Fixing EHRs: What do physicians want?
Electronic health records (EHR) systems can be great tools for healthcare facilities, as they provide an electronic option for physicians to store patient information. When these systems operate well, they can provide a whole new level of convenience to the office for both the physicians and the patients. Medical records can be organized and more easily obtained by the user, as well as improved billing processes.
However, now that EHR is becoming mandatory for certain facilities, physicians are excepting more from these systems. Sluggish hiccups, confusing interfaces, and inconvenient features are what turn professionals off from these systems the most. When considering fixing these systems, here is a list of what physicians want from EHR so that processes and procedures in their facility can improve.
A user-friendly system
Usually, more than anything, physicians want an EHR system that is more user-friendly. When the system is too complicated to use or teach to someone else, then it begins to waste time in the office, time which most facilities don’t have. Minimalistic layouts and convenient features constitute the label of “user-friendly,” as well as the ability to access the system on multiple devices.
This user-friendly system should also come with a training system that will be able to teach the user everything they need to know about operating the system. Errors with complicated EHR systems usually occur due to the user, but with a user-friendly EHR, these types of mistakes can be avoided. Additionally, a simpler EHR system will grant physicians the option to keep the majority of their processes in-house, which allows for the facility to have more flexibility both time-wise and with their staff.
Exceeds Meaningful Use requirements
More isn’t always better, but in this sense, Meaningful Use should at least meet and match the requirements of the specific healthcare facility—that’s what physicians want from EHR. If those requirements are met and exceeded, then you have a crop full of happy doctors because they are then able to avoid Medicare and Medicaid penalties. In addition to avoiding penalties, some facilities can even opt in for incentive programs, which will benefit the practice if they use their EHR system properly, all of which directly correlates with Meaningful Use.
The three stages of Meaningful Use are meant to promote the use of EHR, emphasize care of patient information, and to improve the outcome of the healthcare. While this is already the goal of most physicians, having an EHR system in place that will make these goals more attainable is desired. If the EHR system is willing to go the extra-mile to meet Meaningful Use requirements, then the physician will be, too.
Improved patient care quality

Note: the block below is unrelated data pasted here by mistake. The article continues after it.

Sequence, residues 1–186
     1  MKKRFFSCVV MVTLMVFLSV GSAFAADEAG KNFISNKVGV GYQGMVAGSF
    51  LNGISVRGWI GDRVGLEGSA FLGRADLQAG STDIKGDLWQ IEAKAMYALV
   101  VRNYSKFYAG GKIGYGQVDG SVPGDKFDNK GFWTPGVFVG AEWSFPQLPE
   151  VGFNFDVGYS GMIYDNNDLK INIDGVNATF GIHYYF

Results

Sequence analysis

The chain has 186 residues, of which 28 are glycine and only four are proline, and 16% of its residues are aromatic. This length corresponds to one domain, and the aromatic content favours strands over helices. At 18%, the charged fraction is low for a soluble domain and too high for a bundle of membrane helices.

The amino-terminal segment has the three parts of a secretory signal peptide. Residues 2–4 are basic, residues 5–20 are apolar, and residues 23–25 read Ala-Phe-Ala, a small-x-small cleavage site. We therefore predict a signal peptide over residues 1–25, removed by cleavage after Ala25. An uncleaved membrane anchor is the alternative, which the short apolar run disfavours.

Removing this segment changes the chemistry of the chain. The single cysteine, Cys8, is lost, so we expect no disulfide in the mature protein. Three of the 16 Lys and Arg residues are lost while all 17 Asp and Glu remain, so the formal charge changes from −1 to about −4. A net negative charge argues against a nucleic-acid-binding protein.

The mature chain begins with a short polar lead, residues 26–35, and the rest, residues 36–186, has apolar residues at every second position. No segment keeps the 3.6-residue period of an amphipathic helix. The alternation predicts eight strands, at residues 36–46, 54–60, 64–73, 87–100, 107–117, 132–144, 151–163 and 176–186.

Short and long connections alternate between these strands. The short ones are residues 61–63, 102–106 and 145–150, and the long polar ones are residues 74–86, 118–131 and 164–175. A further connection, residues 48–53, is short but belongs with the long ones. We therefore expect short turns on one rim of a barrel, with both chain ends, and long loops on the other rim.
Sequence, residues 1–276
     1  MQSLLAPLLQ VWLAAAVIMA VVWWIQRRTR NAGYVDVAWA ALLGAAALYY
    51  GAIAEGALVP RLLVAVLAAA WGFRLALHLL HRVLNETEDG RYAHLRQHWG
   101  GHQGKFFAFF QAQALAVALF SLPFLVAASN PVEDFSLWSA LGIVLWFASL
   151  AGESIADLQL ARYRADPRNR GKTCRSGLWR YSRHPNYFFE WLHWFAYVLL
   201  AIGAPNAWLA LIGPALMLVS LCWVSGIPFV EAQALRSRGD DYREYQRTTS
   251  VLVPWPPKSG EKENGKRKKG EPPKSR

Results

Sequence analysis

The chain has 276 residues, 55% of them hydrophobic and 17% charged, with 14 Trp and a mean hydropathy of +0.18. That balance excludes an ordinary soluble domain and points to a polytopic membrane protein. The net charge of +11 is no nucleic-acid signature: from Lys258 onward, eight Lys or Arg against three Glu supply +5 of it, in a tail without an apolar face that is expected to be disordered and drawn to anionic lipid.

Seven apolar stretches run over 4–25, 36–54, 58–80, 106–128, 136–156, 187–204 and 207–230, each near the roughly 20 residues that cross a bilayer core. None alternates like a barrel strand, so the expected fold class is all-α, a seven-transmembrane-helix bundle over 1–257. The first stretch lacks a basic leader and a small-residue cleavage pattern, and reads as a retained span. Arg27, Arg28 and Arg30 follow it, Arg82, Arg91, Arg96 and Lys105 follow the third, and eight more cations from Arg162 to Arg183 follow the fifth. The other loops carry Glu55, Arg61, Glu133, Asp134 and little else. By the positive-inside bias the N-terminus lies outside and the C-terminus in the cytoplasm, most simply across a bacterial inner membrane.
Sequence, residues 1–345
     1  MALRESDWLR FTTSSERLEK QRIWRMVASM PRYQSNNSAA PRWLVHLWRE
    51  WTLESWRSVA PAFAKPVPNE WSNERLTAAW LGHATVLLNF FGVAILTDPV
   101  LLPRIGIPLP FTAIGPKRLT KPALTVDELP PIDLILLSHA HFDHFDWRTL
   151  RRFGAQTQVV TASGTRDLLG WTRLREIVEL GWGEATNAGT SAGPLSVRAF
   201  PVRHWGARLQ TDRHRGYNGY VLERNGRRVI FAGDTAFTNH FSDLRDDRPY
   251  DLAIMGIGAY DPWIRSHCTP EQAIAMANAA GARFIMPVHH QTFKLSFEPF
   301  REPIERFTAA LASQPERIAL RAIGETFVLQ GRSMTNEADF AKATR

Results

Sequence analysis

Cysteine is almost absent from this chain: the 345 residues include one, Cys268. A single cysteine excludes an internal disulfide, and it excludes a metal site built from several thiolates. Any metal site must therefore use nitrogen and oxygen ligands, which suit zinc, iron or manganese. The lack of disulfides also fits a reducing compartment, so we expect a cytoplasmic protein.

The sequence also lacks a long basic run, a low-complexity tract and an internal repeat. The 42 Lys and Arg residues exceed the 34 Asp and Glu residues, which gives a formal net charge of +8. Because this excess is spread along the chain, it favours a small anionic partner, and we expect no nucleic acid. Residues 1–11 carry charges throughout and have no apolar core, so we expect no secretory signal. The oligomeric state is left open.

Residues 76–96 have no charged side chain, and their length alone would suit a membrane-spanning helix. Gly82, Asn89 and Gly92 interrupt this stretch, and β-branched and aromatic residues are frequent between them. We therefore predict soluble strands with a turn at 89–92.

Doctors and nurses do everything they can in order to ensure that patients are receiving the best care possible, because it is their passion. So why would they not want an EHR system that does the same? Improved patient care quality could arguably be what physicians want from EHR the most because, despite how hard the physician works, if the billing process is complicated, patients won’t be happy.
Not only will patients not be happy, but they could be less likely to return to that particular office, which would not bode well for business. With an EHR system that properly stores patient information and seamlessly incorporates that information into billing, without any snags, is ideal. Of course, technology is technology and glitches are bound to happen, but physicians would be much happier if these mistakes were brought down to a minimum, understandable amount.
In a world of modern medicine, new studies are constantly surfacing, and it can be difficult for any doctor, nurse or medical professional to stay updated on every detail. With an EHR system that has integrated guidance, it can be simpler for these physicians to understand the best methods and medicines for the current time. But because doctors are highly intelligent, they expect this information to come from a credible source, which seems to be where bulk of EHR systems are missing the mark.
Additionally, this guidance can include information on how well the facility itself is doing. Physicians want to be able to understand which areas of their office are struggling the most, so that they can address issues accordingly. To take it a step further, these EHR providers should be able to deliver comprehensive reports on billing, so that physicians will know where their facility stands, financially.
More bang for their buck
Lastly, physicians are people too and want their investment to be worth the cost. Nothing is more infuriating than putting your trust, time, and money into a system that simply doesn’t deliver in the way you expected it to. This doesn’t necessarily mean that EHR companies should lower their prices, but it does mean that they need to revaluate what they are asking for the services that they do offer.
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